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Zakaria: Clinton off to a great start

  • Story Highlights
  • Zakaria: Clinton visit shows U.S. is engaged and committed in Mideast
  • U.S. should support Egypt's efforts to create a unified Palestinian coalition, he says
  • Zakaria says Egypt had made major strides on economic reform
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Fareed Zakaria is a foreign affairs analyst who hosts "Fareed Zakaria: GPS" on CNN at 1 and 5 p.m. ET Sundays.

Fareed Zakaria

Fareed Zakaria says Cllinton's Mideast trip shows people there that the U.S. is working on their problems.

NEW YORK (CNN) -- The United States is calling for a conference on Afghanistan and the broader regional challenge to take place March 31, Secretary of State Hillary Clinton announced Thursday.

Clinton made the announcement in her first address as secretary of state to the North Atlantic Council at NATO.

A senior U.S. official told reporters, "I would expect that Iran would be invited."

Ministerial-level officials would participate. Clinton did not name a location for the conference but said the United States is discussing this now with U.N. Secretary-General Ban Ki-moon, including whether the U.N. would chair the meeting.

Author and world affairs expert Fareed Zakaria talked to CNN about Clinton's first trip to the Middle East.

CNN: Hillary Clinton has just come back from her first trip to the Middle East. How did she do?

Fareed Zakaria: She's off to a great start. Obviously, the problem there isn't going to be solved overnight. But by making an early visit there -- coupled with President Obama's decision to give his first interview as president to an Arab network, Al Arabiya -- it sends the signal that America is engaged and committed.

Most people in the region aren't expecting miracles, but they want a sign that America is working on their problems.

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Sunday, 1 & 5 p.m. ET

CNN: What's the next step toward a resolution of the Israeli-Palestinian crisis?

Zakaria: The most important short-term obstacle is the division of the Palestinian community between Fatah (the party than runs the West Bank and is internationally recognized as the legitimate government of the Palestinian Authority) and Hamas (the radical Islamic party that won elections in Gaza).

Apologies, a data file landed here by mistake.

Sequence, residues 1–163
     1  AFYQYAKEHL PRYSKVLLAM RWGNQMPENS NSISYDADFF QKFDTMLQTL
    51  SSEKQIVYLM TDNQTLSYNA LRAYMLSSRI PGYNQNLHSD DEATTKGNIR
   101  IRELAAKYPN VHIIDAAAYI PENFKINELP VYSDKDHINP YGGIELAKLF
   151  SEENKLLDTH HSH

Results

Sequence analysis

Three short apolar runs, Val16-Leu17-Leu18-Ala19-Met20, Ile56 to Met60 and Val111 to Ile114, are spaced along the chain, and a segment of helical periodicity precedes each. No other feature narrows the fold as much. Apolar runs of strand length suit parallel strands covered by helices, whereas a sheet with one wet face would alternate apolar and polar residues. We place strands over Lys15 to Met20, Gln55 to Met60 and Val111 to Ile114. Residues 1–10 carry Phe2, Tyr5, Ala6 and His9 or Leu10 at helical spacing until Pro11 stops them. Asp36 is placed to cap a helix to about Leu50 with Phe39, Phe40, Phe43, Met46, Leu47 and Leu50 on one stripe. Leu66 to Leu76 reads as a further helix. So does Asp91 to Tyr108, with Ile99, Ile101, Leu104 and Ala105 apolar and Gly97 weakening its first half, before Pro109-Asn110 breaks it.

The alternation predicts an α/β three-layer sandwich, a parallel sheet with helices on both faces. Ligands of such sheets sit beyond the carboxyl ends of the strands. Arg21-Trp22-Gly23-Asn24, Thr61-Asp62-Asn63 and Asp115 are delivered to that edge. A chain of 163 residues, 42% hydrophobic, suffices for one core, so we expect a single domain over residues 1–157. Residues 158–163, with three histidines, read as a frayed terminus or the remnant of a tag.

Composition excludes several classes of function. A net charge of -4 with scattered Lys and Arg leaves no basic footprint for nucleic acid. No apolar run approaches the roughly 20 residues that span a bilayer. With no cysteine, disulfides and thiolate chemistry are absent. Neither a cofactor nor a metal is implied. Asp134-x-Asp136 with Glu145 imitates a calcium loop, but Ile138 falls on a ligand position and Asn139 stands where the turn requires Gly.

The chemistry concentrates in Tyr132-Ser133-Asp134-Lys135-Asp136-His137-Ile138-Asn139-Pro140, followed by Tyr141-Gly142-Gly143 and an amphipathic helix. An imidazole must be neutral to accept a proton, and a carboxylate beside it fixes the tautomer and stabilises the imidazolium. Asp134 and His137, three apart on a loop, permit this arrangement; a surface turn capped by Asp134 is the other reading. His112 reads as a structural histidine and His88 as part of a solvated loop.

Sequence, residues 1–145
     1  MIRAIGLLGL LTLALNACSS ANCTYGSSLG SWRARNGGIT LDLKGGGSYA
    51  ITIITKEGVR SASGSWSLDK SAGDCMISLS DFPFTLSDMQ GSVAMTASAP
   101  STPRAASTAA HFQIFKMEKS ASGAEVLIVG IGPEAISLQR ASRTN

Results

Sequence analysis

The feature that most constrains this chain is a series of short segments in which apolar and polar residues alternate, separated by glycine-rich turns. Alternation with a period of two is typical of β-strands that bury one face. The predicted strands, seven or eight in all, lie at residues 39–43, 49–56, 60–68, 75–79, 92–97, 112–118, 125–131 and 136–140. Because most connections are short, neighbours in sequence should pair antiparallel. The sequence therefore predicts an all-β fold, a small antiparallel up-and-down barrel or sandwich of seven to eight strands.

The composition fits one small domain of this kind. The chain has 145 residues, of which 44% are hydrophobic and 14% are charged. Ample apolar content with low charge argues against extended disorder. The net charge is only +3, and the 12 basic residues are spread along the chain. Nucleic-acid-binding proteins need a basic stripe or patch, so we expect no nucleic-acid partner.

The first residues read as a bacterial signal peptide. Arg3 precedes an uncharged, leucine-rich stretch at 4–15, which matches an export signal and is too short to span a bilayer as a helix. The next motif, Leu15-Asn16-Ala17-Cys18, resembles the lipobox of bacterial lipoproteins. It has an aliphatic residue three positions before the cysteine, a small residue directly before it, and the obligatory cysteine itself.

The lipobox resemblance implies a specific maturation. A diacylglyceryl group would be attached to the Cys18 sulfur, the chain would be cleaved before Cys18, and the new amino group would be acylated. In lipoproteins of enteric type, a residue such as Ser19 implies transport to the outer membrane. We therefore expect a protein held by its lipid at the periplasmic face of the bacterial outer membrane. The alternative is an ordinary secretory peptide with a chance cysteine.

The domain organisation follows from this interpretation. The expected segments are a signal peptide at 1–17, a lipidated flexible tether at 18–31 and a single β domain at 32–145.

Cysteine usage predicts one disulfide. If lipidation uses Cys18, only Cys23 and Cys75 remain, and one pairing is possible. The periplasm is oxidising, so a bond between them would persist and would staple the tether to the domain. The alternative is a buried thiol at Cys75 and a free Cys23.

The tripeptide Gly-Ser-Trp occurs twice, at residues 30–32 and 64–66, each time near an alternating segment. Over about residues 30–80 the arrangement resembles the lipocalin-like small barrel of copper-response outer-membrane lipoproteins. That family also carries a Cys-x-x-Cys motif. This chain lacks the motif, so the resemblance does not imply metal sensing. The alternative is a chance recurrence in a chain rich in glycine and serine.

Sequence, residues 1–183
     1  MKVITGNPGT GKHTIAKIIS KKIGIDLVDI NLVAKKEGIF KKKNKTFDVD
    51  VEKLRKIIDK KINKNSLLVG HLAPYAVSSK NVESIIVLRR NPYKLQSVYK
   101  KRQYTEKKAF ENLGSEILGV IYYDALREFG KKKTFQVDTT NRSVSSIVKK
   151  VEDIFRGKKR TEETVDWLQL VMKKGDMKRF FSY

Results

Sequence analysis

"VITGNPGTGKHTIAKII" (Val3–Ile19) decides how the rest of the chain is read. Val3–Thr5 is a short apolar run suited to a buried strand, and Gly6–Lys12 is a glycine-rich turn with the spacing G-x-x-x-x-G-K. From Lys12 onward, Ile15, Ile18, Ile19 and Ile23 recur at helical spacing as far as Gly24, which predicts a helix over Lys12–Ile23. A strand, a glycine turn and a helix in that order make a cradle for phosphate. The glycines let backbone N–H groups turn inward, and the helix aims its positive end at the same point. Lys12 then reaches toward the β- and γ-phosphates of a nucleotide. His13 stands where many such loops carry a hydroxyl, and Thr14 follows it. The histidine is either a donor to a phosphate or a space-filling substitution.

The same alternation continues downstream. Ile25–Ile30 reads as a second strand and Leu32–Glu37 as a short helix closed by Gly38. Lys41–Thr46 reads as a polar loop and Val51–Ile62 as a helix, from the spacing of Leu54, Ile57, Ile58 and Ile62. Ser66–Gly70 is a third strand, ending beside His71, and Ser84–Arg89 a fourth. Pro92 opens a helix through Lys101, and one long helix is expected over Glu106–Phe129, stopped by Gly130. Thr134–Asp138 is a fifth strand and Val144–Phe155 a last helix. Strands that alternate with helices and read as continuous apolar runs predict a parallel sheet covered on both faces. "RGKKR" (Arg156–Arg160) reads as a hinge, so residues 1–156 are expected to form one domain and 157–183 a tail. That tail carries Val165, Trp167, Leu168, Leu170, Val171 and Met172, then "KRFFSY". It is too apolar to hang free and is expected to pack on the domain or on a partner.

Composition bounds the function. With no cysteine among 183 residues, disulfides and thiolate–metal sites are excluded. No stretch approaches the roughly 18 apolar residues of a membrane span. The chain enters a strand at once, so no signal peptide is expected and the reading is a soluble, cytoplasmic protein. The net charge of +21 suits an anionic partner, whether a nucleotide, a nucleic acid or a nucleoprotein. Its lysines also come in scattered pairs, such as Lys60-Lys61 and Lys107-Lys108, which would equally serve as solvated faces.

The Egyptian government is holding talks and trying to create a unified Palestinian coalition that would encompass both sides. We have Gamal Mubarak, the son of President Hosni Mubarak and a leader of Egypt's ruling party, on the program Sunday, and he reports that the talks are going well.

Washington and the world should strongly support this move.

CNN: Is Gamal Mubarak going to succeed his father as president of Egypt?

Zakaria: Well, you'll have to tune in on Sunday to hear him respond to that question. What I can say is that he has been the force behind a great deal of modernization and reform in Egypt over the last five years.

The government has made major strides in economic reform -- and the result has been robust growth -- and also opened up media, the courts, and even the political system a bit.

CNN: But isn't the radical Islamic group, the Muslim Brotherhood, banned?

Zakaria: Yes it is. And I ask him about that. Mubarak argues that Egypt should not have political parties that try to use religion as their chief platform, that it divides the country and creates sectarian tensions.

Other countries have similar bans. India, which is a flourishing democracy, has a strict rule against the use of religion in any way during political campaigns.

Is it a viable rule, or will it only enhance the radical Islamists' appeal? I think that in Egypt, the fact that the regime is opening up gives them a lot of credibility on this issue.

The key is that they should keep opening up -- let people speak, write, broadcast -- all points of views, and this will give them the space to draw certain limits to what kind of parties they will allow.

CNN: Why is Egypt so important?

Zakaria: It's the heart of the Arab world -- historically the most important country, with the greatest writers, intellectuals, artists and political figures. Most of the great forces in the region start there.

It's in Egypt that pan-Arabism began, under the charismatic President Gamal Abdul Nasser in the 1950s. It was also in Egypt that Islamic fundamentalism was most powerfully articulated, by Syed Qutub, an intellectual.

So if there is going to be reform in the Arab world -- towards more modern, less extreme ways -- it will be Egypt that leads the way.

All About Ban Ki-moonAl Arabiya TVHosni Mubarak

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